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How do Circuit Boards Work? Explanation into PCBs and Their Different Parts
Jessica Hopkins

Printed circuit boards (PCBs) are essential components in embedded engineering. They provide an organized platform for integrating electronic components that is used to develop various types of electronic devices. Each interconnected component on a PCB plays a critical role in determining an electronic device’s functionality and performance. In this blog, we’ll provide insight into what printed circuit boards are, their different components, different types, and what role they play in the world of embedded systems.

What is a Printed Circuit Board (PCB)?

A PCB is a flat board made of non-conductive material, such as fiberglass or epoxy, with thin layers of conductive copper traces etched onto its surface. While circuit boards can be made manually via soldering techniques, the term "printed" in PCB refers to the process of creating the circuit pattern on the board's surface using a combination of printing and chemical etching techniques. Various components like resistors, capacitors, transistors, and integrated circuits (ICs) are mounted onto the surface of the PCB and connected to the copper traces through soldering. These copper traces allow signals to flow between components, enabling the device to perform its dedicated function.


green circuit board with integrated circuits Image by Andreas Lischka from Pixabay

PCBs are used in a wide range of electronic devices we use daily, including smartphones, computers, medical devices, automotive systems, industrial equipment, and much more.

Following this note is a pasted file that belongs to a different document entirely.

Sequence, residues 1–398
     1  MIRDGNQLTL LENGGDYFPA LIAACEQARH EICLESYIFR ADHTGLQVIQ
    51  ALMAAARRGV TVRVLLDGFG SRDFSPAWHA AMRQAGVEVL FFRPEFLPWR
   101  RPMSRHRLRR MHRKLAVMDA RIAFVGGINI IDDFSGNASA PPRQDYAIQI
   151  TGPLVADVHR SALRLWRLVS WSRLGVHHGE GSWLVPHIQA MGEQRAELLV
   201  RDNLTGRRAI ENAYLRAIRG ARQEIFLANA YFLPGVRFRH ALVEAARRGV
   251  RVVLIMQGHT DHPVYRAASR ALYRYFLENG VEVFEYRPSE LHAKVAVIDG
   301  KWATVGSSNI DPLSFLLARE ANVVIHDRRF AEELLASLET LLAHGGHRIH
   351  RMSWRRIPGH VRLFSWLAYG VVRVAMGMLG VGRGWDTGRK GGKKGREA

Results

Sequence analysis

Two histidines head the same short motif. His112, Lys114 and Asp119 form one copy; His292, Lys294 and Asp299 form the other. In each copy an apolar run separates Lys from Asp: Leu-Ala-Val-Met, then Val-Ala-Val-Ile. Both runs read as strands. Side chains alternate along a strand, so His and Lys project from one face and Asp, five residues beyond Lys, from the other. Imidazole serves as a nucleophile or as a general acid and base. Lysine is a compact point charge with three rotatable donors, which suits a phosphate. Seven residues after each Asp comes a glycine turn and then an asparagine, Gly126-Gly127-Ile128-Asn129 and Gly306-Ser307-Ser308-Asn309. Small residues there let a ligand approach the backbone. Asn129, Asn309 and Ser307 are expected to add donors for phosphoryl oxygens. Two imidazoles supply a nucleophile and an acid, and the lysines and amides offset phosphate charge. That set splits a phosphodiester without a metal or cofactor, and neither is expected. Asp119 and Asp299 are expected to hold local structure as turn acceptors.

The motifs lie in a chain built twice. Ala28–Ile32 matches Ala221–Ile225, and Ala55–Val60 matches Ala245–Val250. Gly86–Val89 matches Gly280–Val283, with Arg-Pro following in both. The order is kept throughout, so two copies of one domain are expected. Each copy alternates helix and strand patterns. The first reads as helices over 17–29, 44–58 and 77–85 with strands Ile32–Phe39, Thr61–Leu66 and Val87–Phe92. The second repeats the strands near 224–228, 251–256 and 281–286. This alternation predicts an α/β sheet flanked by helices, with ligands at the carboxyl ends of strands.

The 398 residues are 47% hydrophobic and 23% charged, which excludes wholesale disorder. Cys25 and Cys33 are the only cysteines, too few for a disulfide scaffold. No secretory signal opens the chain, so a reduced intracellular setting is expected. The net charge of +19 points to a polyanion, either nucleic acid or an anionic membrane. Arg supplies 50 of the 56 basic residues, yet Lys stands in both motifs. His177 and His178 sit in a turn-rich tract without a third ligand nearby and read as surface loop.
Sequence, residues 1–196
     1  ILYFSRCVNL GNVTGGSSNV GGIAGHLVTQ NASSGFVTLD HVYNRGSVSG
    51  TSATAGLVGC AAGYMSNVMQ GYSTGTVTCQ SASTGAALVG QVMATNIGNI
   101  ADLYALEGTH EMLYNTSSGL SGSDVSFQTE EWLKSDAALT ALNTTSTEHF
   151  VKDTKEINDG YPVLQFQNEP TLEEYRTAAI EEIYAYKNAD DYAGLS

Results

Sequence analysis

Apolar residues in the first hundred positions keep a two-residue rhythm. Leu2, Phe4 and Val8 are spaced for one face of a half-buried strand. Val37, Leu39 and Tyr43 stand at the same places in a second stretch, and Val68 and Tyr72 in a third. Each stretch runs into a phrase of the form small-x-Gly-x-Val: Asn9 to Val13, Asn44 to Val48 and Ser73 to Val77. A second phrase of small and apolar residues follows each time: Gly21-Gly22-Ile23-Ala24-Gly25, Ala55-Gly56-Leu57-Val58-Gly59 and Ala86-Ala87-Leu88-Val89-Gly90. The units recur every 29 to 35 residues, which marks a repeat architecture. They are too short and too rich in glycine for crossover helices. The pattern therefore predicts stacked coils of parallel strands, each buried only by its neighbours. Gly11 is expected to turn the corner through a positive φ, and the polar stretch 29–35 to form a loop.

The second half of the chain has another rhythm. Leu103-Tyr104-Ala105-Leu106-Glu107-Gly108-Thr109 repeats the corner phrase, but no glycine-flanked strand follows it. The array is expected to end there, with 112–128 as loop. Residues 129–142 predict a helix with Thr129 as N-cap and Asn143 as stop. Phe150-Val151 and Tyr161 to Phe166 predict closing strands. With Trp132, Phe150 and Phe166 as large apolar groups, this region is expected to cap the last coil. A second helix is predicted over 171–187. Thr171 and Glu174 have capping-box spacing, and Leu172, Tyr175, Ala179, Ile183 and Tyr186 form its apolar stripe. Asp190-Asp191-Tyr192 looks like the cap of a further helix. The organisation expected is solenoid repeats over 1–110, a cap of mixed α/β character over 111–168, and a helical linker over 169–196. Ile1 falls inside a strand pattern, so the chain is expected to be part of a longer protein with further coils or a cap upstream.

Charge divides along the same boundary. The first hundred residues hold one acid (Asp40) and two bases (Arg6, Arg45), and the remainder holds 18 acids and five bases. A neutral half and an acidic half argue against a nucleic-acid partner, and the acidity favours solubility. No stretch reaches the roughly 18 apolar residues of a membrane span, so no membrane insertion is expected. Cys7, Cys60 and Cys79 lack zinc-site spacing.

What Role Does a Printed Circuit Board (PCB) Play in Embedded Systems?

PCBs are the backbone to electronic devices as they aid in enabling their operation and functionality.

Pathway for Electrical Signals

One primary function of a PCB in an embedded device is to facilitate the transmission of electrical signals between components mounted on the board. These signals traverse along copper pathways, conveying data and instructions and enabling the exchange of information.

Components of a Printed Circuit Board

Different PCB components work together to form functional electronic circuits. The specific components used depends on the device's functionality, design requirements, and performance specifications. Certain components often seen on a PCB can include:

Passive components such as resistors, capacitors, and inductors that are used for signal processing, filtering, and voltage regulation. Active components such as integrated circuits (ICs) that include microcontrollers or memory chips, as well as transistors to act as switches or amplifiers, and diodes to control the direction of current flow. Connectors and interfaces such as headers to provide connection points to other wires or PCBs and interface connectors such as USB or HDMI ports. Power management components such as voltage regulators to stabilize and regulate voltage levels in a circuit.